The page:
There are an interesting couple of points in the comments thread on my blog post asking for MI not to become a scare story, from Suzanne. She has drawn my attention to a paper from 2012 that details developmental problems in tadpoles exposed to MI. She concludes from this that MI is potentially unsafe for humans as well and asks what the liability is for companies that continue to use it now that this risk has been identified. Continue reading
Someone has asked about a serum they like.
I have a very very expensive formulation of a serum here. Would you please be so kind to evaluate it? My questions are especially concerning preservatives.. and also: does skin benefit from so many different ingredients and antioxidants…? I think I think that simple is best. The formulation might be of interest to you, as it seems at the forefront.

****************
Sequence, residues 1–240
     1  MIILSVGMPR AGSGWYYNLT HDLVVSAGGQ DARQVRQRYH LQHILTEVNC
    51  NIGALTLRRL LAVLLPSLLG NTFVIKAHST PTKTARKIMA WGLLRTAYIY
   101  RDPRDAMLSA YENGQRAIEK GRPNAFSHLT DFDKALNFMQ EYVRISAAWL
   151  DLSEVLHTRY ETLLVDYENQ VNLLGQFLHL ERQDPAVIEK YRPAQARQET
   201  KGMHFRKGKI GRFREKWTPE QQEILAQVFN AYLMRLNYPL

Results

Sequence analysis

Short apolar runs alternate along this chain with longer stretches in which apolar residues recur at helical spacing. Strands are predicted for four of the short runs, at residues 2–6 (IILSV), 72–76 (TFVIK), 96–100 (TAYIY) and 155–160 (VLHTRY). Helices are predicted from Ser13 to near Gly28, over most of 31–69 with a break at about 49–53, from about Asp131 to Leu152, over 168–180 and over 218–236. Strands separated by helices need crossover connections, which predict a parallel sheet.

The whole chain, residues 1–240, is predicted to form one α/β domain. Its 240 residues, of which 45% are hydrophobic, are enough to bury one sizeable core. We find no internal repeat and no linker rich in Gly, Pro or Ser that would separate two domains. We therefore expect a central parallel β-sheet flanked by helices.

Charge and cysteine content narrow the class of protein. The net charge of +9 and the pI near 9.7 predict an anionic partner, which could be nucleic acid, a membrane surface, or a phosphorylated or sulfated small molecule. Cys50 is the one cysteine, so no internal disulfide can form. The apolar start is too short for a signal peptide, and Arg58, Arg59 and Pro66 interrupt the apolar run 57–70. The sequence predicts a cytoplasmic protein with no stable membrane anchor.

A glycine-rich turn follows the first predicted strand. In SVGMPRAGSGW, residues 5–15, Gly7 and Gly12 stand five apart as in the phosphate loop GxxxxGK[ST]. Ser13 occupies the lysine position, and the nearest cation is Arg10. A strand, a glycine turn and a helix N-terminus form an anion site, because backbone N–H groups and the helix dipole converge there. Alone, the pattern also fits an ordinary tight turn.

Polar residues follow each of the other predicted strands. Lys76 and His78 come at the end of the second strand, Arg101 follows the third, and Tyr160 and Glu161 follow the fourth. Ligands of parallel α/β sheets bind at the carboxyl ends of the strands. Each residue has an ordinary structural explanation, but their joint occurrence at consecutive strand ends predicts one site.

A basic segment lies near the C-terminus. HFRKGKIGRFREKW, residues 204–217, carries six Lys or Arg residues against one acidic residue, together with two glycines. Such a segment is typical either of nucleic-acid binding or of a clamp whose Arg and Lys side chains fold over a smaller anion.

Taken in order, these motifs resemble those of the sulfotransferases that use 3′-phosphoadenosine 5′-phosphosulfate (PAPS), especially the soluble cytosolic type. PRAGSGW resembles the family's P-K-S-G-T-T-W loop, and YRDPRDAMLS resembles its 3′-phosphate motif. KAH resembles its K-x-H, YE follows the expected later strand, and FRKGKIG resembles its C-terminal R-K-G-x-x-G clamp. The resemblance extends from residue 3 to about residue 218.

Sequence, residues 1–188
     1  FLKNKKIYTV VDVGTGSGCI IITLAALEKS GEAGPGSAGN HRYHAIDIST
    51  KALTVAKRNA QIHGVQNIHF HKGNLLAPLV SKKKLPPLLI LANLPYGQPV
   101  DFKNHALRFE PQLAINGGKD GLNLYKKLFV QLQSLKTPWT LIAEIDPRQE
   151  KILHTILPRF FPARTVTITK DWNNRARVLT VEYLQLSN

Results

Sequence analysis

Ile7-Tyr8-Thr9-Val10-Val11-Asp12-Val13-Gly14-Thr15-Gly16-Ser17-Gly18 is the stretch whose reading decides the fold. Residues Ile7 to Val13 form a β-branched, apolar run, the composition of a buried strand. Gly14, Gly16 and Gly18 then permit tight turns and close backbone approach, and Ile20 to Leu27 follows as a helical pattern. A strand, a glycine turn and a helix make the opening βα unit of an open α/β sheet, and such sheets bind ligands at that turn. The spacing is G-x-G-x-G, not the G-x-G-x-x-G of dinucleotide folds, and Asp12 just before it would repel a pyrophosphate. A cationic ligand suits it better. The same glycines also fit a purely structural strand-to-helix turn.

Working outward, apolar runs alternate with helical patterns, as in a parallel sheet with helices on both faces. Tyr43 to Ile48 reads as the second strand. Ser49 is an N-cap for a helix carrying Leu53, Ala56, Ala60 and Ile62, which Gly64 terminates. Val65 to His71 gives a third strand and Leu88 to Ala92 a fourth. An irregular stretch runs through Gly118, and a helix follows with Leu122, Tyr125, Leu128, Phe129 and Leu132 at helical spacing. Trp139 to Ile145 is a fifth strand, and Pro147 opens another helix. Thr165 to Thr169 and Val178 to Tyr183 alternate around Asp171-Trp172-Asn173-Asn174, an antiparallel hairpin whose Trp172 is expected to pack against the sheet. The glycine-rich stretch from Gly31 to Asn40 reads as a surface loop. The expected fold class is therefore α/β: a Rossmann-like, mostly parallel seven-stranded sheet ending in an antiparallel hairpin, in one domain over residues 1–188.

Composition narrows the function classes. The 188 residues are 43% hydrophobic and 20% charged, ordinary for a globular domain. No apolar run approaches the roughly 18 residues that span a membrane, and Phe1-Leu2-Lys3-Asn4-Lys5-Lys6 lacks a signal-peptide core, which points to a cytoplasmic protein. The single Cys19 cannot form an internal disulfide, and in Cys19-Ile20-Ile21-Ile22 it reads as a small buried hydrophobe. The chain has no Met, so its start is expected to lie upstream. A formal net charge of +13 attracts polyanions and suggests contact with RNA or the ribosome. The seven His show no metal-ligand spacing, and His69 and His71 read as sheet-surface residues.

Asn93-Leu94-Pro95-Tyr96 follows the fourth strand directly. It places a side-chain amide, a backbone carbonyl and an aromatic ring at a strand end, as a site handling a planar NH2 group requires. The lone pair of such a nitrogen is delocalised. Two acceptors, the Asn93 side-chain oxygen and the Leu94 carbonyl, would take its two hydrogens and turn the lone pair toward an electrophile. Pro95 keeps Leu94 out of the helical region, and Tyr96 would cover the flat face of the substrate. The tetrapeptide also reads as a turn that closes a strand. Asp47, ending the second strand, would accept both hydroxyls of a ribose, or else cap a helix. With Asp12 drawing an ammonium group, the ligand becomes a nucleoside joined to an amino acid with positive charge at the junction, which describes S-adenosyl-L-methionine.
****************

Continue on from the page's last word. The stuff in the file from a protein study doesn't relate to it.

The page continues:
Water, tetrahexyldecyl ascorbate, glycerin, punica granatum (pomegranate) extract, squalane, tocopheryl acetate, camellia sinensis (white tea) leaf extract, vernonia (ambiaty) apendiculata leaf extract, morinda citrifolia exrtact, pichia/reservatrol ferment extract, laminaria digitata extract, padina pavonica thallus extract, hydrolyzed algin, palmitoyl oglipeptide, phanthenol, niacinamide, ubiquinone, yeast amino acids, 7-dehydrocholesterol, simmondsia chinensis (jojoba) seed oil, helianthus annuus (sunflower) seed oil, triticum vulgare (wheat) germ extract, helianthus annuus seed extract, equisetum arvense extract, commiphora myrrah extract, retinyl palmitate, allantoin, PEG 10 rapeseed sterel, tribehenin, ceramide 2, C12-15 alkyl benzoate, ammonium acryloyldimethyltaurate/beheneth-25, sucrose laurate, polyacrylate crosspolymer-6, polyquaternium-55, zea mays (corn) oil, ethylhexylglycerin, phenoxyethanol, tricalcium phosphate.